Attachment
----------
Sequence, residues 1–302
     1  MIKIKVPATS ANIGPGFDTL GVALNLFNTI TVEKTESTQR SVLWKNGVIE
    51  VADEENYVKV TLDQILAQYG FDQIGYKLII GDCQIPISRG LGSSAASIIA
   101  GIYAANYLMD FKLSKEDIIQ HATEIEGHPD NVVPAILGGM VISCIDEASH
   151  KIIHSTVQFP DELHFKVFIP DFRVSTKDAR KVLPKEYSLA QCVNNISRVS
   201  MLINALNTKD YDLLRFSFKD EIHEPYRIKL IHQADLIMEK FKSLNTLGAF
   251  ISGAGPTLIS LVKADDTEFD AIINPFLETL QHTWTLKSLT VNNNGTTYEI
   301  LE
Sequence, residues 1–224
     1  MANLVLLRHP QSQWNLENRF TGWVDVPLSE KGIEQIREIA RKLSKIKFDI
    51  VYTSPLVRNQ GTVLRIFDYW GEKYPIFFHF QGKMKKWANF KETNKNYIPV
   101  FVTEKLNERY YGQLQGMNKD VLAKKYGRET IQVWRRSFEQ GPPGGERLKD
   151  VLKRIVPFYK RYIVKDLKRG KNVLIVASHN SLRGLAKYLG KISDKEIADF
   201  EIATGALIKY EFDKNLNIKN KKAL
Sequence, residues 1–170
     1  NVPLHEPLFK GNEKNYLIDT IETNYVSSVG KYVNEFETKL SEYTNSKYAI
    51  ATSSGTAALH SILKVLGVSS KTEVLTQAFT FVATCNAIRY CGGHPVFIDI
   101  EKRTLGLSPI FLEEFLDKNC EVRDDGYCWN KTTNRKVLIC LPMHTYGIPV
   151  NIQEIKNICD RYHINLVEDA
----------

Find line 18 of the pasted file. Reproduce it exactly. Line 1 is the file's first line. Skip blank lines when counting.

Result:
   101  EKRTLGLSPI FLEEFLDKNC EVRDDGYCWN KTTNRKVLIC LPMHTYGIPV